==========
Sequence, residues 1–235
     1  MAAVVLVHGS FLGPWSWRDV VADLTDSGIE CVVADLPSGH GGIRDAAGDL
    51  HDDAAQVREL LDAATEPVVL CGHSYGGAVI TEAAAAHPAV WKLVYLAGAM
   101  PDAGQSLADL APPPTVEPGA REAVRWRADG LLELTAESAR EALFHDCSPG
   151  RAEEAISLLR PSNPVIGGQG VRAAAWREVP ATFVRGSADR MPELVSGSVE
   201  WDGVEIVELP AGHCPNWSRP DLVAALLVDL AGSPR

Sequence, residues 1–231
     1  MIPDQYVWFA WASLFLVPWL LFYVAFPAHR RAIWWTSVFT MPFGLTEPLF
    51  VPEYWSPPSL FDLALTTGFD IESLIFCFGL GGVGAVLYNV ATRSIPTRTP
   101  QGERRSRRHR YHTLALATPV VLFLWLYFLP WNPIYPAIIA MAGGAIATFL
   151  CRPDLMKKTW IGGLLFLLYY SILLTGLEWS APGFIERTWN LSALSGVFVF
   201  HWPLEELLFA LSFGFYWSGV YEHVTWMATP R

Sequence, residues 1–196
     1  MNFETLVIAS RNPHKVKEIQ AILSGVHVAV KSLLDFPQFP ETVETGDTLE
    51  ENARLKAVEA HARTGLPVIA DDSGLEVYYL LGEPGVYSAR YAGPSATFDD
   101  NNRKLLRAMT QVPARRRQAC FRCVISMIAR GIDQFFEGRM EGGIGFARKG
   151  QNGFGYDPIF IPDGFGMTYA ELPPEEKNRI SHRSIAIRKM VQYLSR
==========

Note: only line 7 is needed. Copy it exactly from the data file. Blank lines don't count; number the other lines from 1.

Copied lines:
Sequence, residues 1–231